Biden's UN ambassador nominee confirmed by Senate

Linda Thomas-Greenfield was easily confirmed, despite Republican opposition to her views on Iran and China.

al-monitor Linda Thomas-Greenfield arrives before the Senate Foreign Relations Committee hearing on her nomination to be the United States Ambassador to the United Nations, on Capitol Hill in Washington, DC, on January 27, 2021.  Photo by GREG NASH/POOL/AFP via Getty Images.
Adam Lucente

Adam Lucente

@Adam_Lucente

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joe biden, senate, opposition, republican party, linda thomas-greenfield

Feb 23, 2021

US President Joe Biden’s nominee for ambassador to the United Nations was approved by the US Senate on Tuesday.

Linda Thomas-Greenfield will be Biden’s first ambassador to the UN. Richard Mills has served as acting permanent representative while Thomas-Greenfield was awaiting confirmation. She was confirmed by a 78-20 vote.

Thomas-Greenfield outlined her vision for Middle East policy during her confirmation hearings. She said she would work to return Iran to compliance with the nuclear agreement and strengthen the Abraham Accords agreements between Israel and Arab states. The lopsided vote tally indicates several Republicans, including Minority Leader Mitch McConnell of Kentucky, voted in her favor in the Democratic-controlled Senate. Some Republicans who voted to confirm, including ranking member of the Senate Foreign Relations Committee Jim Risch of Idaho, said they supported Thomas-Greenfield in spite of differences on Iran.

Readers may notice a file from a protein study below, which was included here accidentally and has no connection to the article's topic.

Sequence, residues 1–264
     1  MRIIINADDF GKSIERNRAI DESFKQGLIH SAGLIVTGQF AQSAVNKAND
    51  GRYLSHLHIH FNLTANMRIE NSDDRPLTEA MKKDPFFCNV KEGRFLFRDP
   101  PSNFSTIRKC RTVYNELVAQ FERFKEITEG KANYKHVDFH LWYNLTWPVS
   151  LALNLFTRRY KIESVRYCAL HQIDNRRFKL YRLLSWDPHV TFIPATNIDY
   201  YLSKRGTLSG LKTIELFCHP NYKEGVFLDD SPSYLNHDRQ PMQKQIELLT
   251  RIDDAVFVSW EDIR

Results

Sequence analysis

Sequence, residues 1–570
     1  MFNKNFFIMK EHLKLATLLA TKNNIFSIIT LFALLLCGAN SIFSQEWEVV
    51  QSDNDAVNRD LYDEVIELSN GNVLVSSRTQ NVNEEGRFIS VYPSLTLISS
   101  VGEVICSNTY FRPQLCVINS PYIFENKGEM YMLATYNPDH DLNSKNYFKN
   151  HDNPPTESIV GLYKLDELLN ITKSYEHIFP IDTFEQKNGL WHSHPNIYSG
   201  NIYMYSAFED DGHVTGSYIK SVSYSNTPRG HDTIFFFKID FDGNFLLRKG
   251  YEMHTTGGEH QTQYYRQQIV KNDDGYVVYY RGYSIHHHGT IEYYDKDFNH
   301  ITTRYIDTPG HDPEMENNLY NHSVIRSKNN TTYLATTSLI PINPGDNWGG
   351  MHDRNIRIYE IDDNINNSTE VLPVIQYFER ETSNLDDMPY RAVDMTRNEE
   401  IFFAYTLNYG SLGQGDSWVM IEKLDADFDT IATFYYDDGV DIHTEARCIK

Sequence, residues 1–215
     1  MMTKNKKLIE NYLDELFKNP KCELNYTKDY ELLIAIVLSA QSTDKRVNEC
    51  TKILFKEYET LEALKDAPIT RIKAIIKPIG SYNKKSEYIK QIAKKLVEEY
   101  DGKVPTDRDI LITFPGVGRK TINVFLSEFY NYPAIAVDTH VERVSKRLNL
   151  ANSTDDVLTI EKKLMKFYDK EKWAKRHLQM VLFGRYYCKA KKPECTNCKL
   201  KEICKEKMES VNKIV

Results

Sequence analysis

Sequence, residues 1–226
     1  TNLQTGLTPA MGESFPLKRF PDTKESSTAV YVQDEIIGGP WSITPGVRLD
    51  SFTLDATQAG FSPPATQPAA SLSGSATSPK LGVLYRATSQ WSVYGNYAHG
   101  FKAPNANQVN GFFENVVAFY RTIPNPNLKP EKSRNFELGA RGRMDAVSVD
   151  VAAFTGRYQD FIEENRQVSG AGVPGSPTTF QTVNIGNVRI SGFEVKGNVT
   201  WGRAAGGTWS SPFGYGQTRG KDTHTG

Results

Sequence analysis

Much of the Republican opposition to Thomas-Greenfield focused on China. Some Republican senators perceived her to be too deferential toward Beijing, mostly based on a speech she gave at the Chinese state-owned Confucius Institute in 2019. Thomas-Greenfield praised China’s development policies in Africa in the speech without mentioning human rights concerns associated with the People’s Republic on the continent. She later apologized for her remarks.